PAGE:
The Horizontal Gaze Nystagmus (HGN) test is a type of field sobriety test used by law enforcement officers in New York and around the country to determine whether a person is impaired by alcohol or drugs while driving. It is one of several tests that may be administered during a traffic stop, and it is considered to be a reliable and accurate way to detect driver impairment.
What is nystagmus?
Nystagmus is an involuntary movement of the eyes, where the eyes move back and forth or up and down repeatedly. There are many different types of nystagmus, and it can be caused by various factors such as neurological conditions, brain damage or certain medications.
However, in the case of the HGN test, the type of nystagmus that is being observed is called “alcohol-induced nystagmus.” This is a type of nystagmus that occurs as a result of alcohol consumption and is a common sign of a DUI.
How the HGN test is conducted
During the HGN test, the officer will ask the driver to follow a stimulus with their eyes, such as a pen or a small flashlight. The stimulus is moved from side to side in front of the driver’s face, and the officer observes the driver’s eyes for any signs of nystagmus.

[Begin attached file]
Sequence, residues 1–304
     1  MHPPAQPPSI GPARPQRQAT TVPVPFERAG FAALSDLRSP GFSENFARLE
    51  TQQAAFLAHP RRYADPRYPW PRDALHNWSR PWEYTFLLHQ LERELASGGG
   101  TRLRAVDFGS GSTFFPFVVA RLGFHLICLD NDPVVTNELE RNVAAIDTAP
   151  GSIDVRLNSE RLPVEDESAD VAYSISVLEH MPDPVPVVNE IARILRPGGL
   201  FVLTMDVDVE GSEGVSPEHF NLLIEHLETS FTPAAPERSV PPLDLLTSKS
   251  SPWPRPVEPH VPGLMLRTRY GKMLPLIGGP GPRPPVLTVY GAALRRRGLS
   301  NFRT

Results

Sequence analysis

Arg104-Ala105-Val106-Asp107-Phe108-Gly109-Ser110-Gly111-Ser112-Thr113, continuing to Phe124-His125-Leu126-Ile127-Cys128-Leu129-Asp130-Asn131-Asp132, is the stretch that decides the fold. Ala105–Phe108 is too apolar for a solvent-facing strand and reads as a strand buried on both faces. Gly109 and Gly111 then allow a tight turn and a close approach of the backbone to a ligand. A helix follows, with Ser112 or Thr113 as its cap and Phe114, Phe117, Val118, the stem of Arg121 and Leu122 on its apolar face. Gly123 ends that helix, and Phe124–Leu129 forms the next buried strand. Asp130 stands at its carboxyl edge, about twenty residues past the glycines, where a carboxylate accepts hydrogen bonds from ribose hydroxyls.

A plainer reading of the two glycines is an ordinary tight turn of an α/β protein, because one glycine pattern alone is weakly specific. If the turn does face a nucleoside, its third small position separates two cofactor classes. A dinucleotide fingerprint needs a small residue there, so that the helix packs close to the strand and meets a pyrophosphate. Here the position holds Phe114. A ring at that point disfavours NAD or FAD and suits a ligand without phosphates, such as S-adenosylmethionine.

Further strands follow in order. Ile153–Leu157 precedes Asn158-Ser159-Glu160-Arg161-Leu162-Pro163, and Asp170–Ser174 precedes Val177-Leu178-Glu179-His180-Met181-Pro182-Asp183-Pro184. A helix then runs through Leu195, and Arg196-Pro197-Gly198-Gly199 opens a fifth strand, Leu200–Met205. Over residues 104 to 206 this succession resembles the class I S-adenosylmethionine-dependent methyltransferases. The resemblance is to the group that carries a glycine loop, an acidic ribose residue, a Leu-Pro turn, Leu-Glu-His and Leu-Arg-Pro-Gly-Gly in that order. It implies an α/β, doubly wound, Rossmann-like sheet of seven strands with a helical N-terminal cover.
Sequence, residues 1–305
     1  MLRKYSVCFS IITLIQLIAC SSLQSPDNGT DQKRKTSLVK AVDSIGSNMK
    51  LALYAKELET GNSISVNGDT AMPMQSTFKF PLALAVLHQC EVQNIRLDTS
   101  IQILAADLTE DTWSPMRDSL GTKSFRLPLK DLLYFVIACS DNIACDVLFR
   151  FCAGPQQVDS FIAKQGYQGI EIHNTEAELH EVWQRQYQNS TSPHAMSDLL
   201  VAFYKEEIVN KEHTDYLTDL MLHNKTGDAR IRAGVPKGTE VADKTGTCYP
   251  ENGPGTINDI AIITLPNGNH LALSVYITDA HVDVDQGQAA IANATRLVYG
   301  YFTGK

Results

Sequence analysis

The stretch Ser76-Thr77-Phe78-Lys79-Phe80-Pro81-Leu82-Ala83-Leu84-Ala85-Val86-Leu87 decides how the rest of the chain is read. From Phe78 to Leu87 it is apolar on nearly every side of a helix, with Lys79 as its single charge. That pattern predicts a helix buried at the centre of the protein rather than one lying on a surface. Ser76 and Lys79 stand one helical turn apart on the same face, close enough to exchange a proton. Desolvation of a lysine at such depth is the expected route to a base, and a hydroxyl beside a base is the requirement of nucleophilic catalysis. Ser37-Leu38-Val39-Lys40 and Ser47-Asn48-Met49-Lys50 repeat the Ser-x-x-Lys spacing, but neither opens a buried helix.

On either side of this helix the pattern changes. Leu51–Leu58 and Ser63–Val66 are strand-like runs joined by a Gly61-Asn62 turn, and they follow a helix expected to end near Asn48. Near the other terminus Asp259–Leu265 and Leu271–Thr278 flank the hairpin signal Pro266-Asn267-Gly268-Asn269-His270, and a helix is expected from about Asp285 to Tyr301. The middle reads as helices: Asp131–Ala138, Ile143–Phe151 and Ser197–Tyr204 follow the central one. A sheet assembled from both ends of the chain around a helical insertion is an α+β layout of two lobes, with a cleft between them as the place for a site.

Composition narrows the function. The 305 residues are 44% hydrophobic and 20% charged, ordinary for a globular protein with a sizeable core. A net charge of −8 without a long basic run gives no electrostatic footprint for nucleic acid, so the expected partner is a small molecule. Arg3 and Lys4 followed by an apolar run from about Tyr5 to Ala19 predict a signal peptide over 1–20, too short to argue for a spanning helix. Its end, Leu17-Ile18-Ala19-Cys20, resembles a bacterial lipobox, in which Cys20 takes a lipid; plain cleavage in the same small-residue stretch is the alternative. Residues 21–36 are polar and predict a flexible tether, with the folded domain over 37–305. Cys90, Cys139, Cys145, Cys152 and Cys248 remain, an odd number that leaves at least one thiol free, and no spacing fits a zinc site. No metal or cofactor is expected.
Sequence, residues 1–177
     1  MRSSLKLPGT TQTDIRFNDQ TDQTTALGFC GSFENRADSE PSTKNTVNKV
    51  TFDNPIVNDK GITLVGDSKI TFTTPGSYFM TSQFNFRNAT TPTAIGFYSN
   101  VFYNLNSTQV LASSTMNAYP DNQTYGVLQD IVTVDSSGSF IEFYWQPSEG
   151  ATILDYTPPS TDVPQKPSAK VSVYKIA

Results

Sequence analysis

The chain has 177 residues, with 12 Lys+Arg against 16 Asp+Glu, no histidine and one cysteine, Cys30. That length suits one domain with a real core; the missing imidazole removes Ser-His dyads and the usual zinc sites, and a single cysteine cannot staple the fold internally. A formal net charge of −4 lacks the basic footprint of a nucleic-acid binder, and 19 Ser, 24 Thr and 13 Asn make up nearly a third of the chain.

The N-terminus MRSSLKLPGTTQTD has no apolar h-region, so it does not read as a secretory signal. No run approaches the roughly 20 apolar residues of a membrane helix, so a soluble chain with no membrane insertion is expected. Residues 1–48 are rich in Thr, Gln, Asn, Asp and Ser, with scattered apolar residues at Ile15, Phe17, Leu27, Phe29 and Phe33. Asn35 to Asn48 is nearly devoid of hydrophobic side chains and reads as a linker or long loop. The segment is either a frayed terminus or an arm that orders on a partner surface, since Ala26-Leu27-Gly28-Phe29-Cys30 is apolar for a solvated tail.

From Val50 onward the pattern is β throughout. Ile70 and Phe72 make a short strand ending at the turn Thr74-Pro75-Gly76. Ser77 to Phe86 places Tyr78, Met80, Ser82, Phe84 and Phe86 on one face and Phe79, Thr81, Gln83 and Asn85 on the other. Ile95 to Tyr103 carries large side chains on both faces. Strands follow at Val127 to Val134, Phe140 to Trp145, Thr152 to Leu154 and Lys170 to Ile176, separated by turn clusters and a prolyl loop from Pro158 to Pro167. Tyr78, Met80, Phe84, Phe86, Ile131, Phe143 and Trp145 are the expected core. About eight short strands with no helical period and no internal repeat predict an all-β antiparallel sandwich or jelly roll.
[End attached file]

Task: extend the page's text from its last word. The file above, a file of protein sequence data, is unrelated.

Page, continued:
There are three different types of nystagmus that the officer will look for during the HGN test:
The officer will look for any jerky or uncontrolled eye movements as the driver follows the stimulus, jerky or uncontrolled eye movements when the driver’s eyes are looking as far to the side as possible and any uncontrolled eye movements when the driver’s eyes are looking to the side before they reach a 45-degree angle.
If the officer observes any of these three types of nystagmus, it is considered a sign of impairment and may be used as evidence against the driver in court.
Limitations of the HGN test
While the HGN test is considered to be reliable and accurate, it is not foolproof. Several factors can affect the results of the test, including some medications, medical conditions and environmental factors such as flashing lights or uneven terrain.
Furthermore, some people may naturally have nystagmus or other eye conditions that could affect the results of the test. Therefore, officers need to be properly trained in administering the test and interpreting the results.